Since joining UD, Vargas has successfully secured over $1 million in grants as a principal investigator supported by the National Aeronautics and Space Administration (NASA), the United States Department of Agriculture (USDA), and the University of Delaware Research Foundation (UDRF). His research group has active study sites in Baja California, Delaware, and Maryland and collaborates with scientists across the United States, Asia, Europe and Mexico to understand how land ecosystems respond to climate variability, extreme events, and global environmental change.
Working at CANR, he has actively taken on multiple research endeavors. First, supported by a NASA grant, he is testing different approaches to improve a framework for monitoring, reporting and verification (MRV) to support implementation of Reduction of Emissions by Deforestation and Degradation (REDD+) across a gradient of forests in Mexico. This research involves collaboration with the US Forest Service, the Mexican Forest Service (CONAFOR) and multiple research institutions in Mexico.
Secondly, funded by a USDA grant, he is investigating the effect of extreme climate events on greenhouse gas fluxes in a watershed near UD’s campus by using state-of-the-art instrumentation for continuous measurements of carbon dioxide, methane, and nitrous oxide fluxes from soils. This research involves collaboration with Shreeram Inamdar, associate professor in the Department of Plant and Soil Sciences.
Lastly, funded by a UDRF grant, he is looking at the size, age, and use of nonstructural carbon reserves (NSC’s) in long-lived plants in the deserts of Baja California, Mexico. His results are providing insights about the physiological mechanisms of carbohydrate allocation and long-term plant survival in water-limited ecosystems.
“Several plant species in the central desert of Baja California can live for over 400 years under limited water availability and climate variability including decadal droughts,” said Vargas.
Preliminarily results show that new fine roots of desert palms and cactus are produced using “old” NSC reserves that are more than 20 years old. Vargas’ group has also found that the age of NSC reserves inside the plants can have a mean age of over 60 years.
“This means that these plants can store NSC reserves and keep them for a long time and then use them to produce new structures such as fine roots,” said Vargas.
Vargas said he is extremely lucky to have rapidly found friends among the UD community who support him and have made him feel welcome in Newark. His time here has already afforded him the opportunity to be exposed to and apply an array of various research techniques from multiple disciplines such as computer science, micrometeorology, remote sensing, and soil ecology.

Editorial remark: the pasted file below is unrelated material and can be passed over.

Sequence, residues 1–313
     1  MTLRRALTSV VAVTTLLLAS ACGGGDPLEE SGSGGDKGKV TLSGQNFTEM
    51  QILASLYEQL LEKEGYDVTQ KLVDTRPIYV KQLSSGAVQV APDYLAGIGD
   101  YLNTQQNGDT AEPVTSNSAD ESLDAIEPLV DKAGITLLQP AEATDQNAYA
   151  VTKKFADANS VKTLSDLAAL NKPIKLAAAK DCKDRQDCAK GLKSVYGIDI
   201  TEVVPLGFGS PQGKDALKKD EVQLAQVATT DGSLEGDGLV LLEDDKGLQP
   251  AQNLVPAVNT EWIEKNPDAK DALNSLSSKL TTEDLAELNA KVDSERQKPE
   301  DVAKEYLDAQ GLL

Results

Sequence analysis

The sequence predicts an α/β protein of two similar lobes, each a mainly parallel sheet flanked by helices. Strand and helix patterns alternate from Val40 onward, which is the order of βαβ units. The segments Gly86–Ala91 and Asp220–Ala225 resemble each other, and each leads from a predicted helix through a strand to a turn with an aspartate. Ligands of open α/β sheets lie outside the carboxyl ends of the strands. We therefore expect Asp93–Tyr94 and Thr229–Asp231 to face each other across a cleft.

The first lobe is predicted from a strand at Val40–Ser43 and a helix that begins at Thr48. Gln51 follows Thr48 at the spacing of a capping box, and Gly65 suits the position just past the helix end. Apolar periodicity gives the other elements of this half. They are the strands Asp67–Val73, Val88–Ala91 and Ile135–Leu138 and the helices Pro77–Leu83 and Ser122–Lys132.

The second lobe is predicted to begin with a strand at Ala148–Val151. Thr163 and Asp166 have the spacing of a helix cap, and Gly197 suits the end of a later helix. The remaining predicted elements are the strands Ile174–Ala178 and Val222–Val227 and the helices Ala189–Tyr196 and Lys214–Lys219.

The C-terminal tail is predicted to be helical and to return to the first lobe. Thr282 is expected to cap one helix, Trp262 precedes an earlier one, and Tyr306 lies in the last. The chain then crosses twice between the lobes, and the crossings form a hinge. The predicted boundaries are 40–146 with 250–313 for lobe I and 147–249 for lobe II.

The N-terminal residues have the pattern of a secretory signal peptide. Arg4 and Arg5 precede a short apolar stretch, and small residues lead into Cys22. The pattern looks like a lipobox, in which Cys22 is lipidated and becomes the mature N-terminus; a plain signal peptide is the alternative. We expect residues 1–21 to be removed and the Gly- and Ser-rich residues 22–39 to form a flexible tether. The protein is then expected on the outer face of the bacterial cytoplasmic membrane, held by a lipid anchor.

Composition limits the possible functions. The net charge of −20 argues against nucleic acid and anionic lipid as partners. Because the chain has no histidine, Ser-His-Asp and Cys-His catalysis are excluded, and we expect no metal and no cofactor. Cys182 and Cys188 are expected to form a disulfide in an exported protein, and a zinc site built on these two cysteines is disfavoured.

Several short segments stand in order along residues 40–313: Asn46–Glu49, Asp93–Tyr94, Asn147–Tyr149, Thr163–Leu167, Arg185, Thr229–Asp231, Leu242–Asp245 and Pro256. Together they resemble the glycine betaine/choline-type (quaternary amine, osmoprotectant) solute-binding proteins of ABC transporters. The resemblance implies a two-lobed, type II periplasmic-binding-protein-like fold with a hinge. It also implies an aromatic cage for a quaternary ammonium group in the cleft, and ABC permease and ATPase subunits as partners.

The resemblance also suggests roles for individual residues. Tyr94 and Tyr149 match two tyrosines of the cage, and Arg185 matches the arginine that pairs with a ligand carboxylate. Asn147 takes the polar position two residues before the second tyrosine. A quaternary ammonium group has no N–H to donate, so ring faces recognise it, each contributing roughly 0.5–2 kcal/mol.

Offering a sincere thanks to all of his new friends here at the CANR, he said “I have found amazing colleagues, leaders, and students across UD, and the working atmosphere is excellent to nourish and develop high quality research.”
As an undergraduate, Vargas studied biology in Mexico at the Universidad Nacional Autónoma de Mexico (UNAM), one of the largest universities in the world with over 350,000 students. It was there that he began his research career, studying nitrogen fixation of microbial mats in a tropical wetland at the Yucatan Peninsula.
He went on to earn a PhD at the University of California-Riverside where his research focused on how extreme events such as fires and hurricanes influenced carbon dynamics in regenerating forests. Through a combination of biometric forest measurements and experimental forest management techniques, he demonstrated the large capability of these forests to store carbon above and below ground.
Vargas also studied the effects of hurricane disturbance on CO2 fluxes within the soil, finding unprecedented rates of CO2 emissions from soil to atmosphere. Lastly, he demonstrated the unexpected capacity of plants to allocate old stored carbon to produce fine roots following a hurricane disturbance. In light of the east coasts’ late experience with Hurricane Sandy, Vargas’ past work shows the implications these weather phenomena’s have on the fate of stored carbon in plants.
In addition to this work, Vargas also worked on a side-project funded by the National Science Foundation studying belowground carbon dynamics in the San Jacinto Mountains of Southern California. This study allowed him to use a wireless network of soil sensors to measure CO2 fluxes and the relations with fine root dynamics. “One of the most exciting results is that we demonstrated that fast and continuous fine root measurements (daily and sub-daily) are needed to quantify and understand belowground carbon dynamics,” said Vargas.
Following his PhD, Vargas was a postdoctoral fellow at the University of California-Berkeley where he interacted with scientists around the world within FLUXNET, the international consortium of eddy covariance scientists. “My work focused on regional and global synthesis studies on water and CO2 fluxes of terrestrial ecosystems, combining measurements and ecological process-based models,” said Vargas.
Before arriving at UD, Vargas returned to Mexico to work as an assistant research professor at a national research center in Baja California, Mexico (CICESE). Here he led synthesis studies on ocean-to-atmosphere CO2 fluxes while also continuing measurements of water and CO2 fluxes in a shrub land ecosystem in Baja California. His interest in the effects of land use change on such fluxes also led him to coordinate the consolidation of the Mexican eddy covariance network (MexFlux), where his research group is working on a first generation of nationwide synthesis studies.
Article by Angela Carcione